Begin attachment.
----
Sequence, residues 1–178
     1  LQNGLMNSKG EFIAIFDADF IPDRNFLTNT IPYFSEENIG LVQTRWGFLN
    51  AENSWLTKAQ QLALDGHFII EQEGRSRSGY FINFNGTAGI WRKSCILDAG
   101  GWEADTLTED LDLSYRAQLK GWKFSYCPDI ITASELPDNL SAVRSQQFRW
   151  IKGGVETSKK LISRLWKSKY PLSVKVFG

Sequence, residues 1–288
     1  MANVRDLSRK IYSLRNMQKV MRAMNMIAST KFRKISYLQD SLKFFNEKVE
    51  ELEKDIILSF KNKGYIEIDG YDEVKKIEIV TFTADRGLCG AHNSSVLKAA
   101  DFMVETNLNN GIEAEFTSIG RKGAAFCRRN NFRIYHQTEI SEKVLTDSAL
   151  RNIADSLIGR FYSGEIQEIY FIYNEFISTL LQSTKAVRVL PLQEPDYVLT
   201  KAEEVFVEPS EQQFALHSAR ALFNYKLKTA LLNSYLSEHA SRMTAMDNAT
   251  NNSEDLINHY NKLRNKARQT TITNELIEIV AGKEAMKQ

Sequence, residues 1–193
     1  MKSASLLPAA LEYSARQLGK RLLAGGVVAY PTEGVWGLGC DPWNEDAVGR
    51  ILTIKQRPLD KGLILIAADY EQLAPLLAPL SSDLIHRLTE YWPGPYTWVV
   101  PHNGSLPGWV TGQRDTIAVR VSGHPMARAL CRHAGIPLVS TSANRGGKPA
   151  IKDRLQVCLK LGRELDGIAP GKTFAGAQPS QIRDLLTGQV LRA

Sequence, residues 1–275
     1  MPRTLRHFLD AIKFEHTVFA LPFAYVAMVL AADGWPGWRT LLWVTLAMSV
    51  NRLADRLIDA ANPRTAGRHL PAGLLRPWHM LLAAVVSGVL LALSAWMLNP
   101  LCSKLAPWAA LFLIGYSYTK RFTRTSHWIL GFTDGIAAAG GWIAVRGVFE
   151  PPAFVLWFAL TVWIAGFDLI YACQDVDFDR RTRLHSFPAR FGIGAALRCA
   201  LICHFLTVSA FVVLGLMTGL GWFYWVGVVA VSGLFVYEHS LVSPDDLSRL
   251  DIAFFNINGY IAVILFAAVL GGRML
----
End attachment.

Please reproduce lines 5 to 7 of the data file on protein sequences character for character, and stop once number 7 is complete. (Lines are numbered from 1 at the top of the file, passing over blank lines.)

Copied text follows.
   151  IKGGVETSKK LISRLWKSKY PLSVKVFG

Sequence, residues 1–288
     1  MANVRDLSRK IYSLRNMQKV MRAMNMIAST KFRKISYLQD SLKFFNEKVE